The release of the Coachella lineup every year is the alternative music fan’s equivalent of the NCAA March Madness bracket announcement. The West Coast’s premiere festival is serious business, and an artist’s placement on the poster can be concrete acknowledgment of their ascendency (see: The Black Keys), a confirmation of a reunited band’s legendary status (Pulp, Refused, At The Drive-In) or a wake-up call to iconic figureheads of rock who have since fallen on harder times and lesser side projects (Greg Ginn, this should be a sign that you and Henry Rollins need to make up right now and tour behind Damaged again). Music nerds quarrel about the lineup’s predictability and diversity and ultimately assess all other summer festivals in relation to Coachella, which has been deemed the measuring stick thanks to Lollapalooza’s concessions to commercialization and Bonnaroo’s hippy-infested campgrounds. I’m not saying that this is a fair way to earn such a status, but it’s how the proverbial cookie has crumbled.
As music fans are wont to do, they have taken to the Internet with the sort of aplomb and indignity only befitting of a demographic that has obtained a significant portion of its entertainment conveniently and illegally. While I undoubtedly share some of the harsh sentiment, I feel that it is important that these complaints be dismissed in long form, so that everyone can just shut up and move on with their lives.
Complaint #1: Where are the Stone Roses? The Stone Roses’ absence from Coachella is somewhat bemusing to many, as they fit the bill for Coachella’s yearly indie reunion special that gets music bloggers’ pants feeling a little tighter. Their self-titled debut is often cited as a turning point for British independent music; John Squire’s intricate guitar work and Ian Brown’s cocksure stage presence combined with rave-influenced beats to help bring white kids onto the dance floor again. They opened the door for both the growing critical appraisal of electronic dance music and the insertion of a much-needed working-class masculinity into British independent pop music (of which Morrissey, gladioli in hand, had previously been the de facto spokesman). Their absence is likely not any sort of oversight by Coachella’s booking agents. The Stone Roses, if you hadn’t noticed, are kind of egotistical. They’ve written songs with titles like “I Wanna Be Adored” and “I Am the Resurrection.” They likely command a huge price tag that isn’t quite worth it for the audience they’d garner in the United States (many reading probably are reasonably asking, “Who are the Stone Roses?”). Furthermore, Coachella has its own reputation to look after: The Roses are a notoriously terrible live band, a fact that can primarily be blamed on Ian Brown’s tone-deafness (Mr. Squire and Reni, on the other hand, can more than hold their own). Britpop fans will have to hope that Lollapalooza gambles on these Mancunians, or else they’re going to have to fork over serious cash to catch them in Europe.
Complaint #2: Too much electronic dance music. Where are the real musicians? Firstly: Dad, stop reading my column. Secondly: forget everything you know about the stereotypes. Forget the fist pumping, forget The Situation, forget the pacifiers, forget the neon clothing and forget the drugs. Then turn on your computer, hit up YouTube and watch a video of Avicii doing “Levels” or Swedish House Mafia do “Save the World Tonight” or David Guetta doing “Titanium.” Watch them performing live. See how the crowd goes absolutely bonkers when the drop hits? The sheer Bacchanalia that goes down when the bass goes “boom”? That’s why they’re performing at Coachella. To be frank, the rise of these DJs is entirely linked, in my opinion, to the individualization of music consumption. Because of the bevy of genres, microgenres and niche audiences, everybody’s music collection is completely different. The music we’re forced to agree on, then, is the music we listen to collectively. Lots of collective music listening occurs at parties, so dance music, with its pounding 4/4 beat, pulsating synths and epic drops, is the obvious favorite among people looking to have a good time. It’s rage music, and, for those about to rage, we salute you. If you wanna sit in the sand at Coachella and cry along to Bon Iver songs, be my guest. I’m sure the kids absolutely losing it during Afrojack’s set won’t mind the extra space.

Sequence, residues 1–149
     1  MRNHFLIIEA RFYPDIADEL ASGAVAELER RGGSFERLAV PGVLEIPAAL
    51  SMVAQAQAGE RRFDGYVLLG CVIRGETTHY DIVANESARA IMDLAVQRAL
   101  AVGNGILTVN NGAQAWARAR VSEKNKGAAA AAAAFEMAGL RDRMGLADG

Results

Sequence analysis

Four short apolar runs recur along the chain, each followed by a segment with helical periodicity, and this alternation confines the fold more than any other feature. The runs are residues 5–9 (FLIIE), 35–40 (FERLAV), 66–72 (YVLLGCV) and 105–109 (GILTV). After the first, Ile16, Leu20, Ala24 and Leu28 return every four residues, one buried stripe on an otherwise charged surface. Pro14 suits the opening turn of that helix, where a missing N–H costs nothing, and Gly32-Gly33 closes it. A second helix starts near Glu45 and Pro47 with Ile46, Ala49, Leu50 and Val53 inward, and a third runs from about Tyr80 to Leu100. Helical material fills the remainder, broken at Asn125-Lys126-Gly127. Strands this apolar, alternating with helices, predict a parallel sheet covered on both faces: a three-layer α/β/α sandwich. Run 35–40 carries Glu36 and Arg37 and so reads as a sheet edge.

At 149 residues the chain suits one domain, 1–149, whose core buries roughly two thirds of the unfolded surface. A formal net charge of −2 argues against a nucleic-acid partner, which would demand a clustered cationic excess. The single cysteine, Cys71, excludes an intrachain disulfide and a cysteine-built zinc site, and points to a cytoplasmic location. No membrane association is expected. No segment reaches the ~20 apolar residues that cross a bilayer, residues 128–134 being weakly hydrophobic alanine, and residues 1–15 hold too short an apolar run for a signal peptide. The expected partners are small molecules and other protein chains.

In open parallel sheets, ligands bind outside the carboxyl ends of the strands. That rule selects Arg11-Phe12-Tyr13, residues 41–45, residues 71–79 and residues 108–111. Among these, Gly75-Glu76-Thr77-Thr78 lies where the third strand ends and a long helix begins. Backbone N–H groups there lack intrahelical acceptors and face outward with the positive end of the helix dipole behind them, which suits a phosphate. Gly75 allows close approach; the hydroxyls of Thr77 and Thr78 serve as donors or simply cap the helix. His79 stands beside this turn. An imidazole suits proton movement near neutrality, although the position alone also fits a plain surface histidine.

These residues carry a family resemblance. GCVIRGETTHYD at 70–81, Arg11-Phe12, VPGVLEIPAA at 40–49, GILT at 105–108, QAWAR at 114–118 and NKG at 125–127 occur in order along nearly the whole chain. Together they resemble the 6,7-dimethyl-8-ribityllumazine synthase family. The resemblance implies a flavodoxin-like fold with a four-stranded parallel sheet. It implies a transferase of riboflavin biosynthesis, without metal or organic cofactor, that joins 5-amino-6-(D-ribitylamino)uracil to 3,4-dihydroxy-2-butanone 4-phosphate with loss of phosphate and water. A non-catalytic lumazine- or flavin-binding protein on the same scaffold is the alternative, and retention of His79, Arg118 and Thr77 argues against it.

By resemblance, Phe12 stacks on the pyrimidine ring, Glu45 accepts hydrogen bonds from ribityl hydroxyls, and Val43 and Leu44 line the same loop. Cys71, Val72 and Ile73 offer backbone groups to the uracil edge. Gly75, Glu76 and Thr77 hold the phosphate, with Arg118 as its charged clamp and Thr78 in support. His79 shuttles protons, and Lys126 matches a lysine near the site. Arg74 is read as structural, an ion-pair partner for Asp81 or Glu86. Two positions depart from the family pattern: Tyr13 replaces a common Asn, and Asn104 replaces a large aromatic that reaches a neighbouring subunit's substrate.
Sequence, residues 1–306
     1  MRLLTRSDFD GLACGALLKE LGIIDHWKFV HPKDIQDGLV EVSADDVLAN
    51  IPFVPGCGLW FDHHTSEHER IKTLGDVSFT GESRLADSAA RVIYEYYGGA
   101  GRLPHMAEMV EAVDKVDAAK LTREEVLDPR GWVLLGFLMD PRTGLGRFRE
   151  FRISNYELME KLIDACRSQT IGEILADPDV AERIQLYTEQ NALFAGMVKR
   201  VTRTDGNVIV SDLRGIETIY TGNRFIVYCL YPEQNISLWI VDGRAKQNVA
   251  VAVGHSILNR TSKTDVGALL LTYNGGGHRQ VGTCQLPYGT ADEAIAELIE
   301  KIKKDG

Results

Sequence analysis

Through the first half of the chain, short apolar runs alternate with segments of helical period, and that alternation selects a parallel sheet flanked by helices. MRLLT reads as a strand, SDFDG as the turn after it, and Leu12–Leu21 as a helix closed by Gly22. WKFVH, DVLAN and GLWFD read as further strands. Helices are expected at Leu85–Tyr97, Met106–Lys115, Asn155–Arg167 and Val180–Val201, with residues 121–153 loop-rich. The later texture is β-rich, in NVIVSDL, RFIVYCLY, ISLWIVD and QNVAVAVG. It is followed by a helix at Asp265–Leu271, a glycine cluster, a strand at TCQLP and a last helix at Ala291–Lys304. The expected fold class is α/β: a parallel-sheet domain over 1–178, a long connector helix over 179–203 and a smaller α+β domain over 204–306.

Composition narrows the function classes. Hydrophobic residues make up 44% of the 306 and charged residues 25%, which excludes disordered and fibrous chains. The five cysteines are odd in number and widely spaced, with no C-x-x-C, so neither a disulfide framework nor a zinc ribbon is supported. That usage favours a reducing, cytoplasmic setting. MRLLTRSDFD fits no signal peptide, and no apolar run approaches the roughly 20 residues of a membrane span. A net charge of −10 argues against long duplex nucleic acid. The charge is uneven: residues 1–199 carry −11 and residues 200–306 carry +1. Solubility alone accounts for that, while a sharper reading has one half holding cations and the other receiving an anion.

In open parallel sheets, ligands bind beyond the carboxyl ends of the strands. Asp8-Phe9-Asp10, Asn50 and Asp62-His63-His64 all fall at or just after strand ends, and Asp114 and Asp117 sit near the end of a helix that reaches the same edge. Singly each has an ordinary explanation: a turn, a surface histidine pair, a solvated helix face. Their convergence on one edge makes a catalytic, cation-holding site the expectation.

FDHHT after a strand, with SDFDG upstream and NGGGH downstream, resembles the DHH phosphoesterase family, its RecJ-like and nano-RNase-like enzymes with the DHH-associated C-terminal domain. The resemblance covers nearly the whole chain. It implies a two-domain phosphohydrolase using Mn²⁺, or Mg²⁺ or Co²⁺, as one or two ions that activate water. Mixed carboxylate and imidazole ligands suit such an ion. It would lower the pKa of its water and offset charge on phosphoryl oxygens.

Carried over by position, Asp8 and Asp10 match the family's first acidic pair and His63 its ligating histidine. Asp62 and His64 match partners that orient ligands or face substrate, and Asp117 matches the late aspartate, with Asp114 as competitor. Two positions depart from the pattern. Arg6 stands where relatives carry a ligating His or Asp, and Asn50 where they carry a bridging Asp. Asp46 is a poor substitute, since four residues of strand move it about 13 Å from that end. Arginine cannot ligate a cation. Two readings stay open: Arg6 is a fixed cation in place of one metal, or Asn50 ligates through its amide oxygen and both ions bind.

Complaint #3: At The Drive-In? Really? You mean the Mars Volta guys? Okay, perhaps I’m an apologist; I grew up on Long Island and have a soft spot for some emo and hardcore. But before everything became about the haircuts and the double bass blasts, there was a group of Texas teenagers with afros, unprecedented angst, cryptic song titles and a lead singer who sounded more Ronny James Dio than Ian MacKaye. And they kicked ass. These future prog-superstars gave us furious live performances, winding guitar passages, appropriately heavy blast beats and a disarming mastery of loud-quiet-loud dynamics. While Omar Rodriguez-Lopez and company have gone a little off the deep end recently, At The Drive-In’s discography, especially their 2000 release (and arguable masterpiece) Relationship of Command, rightfully deserve some revisiting. Give yourself a primer (start with “One-Armed Scissor”) and jump on into the pit.
I’m sure there are plenty more complaints to be had, (La Roux and Florence and the Machine on the same day? That’s going to be confusing) but Coachella’s set the bar high with a diverse, fun, left-of-center lineup as always. Unfortunately for those of you just joining us, passes have sold out. Much ado about nothing, I suppose.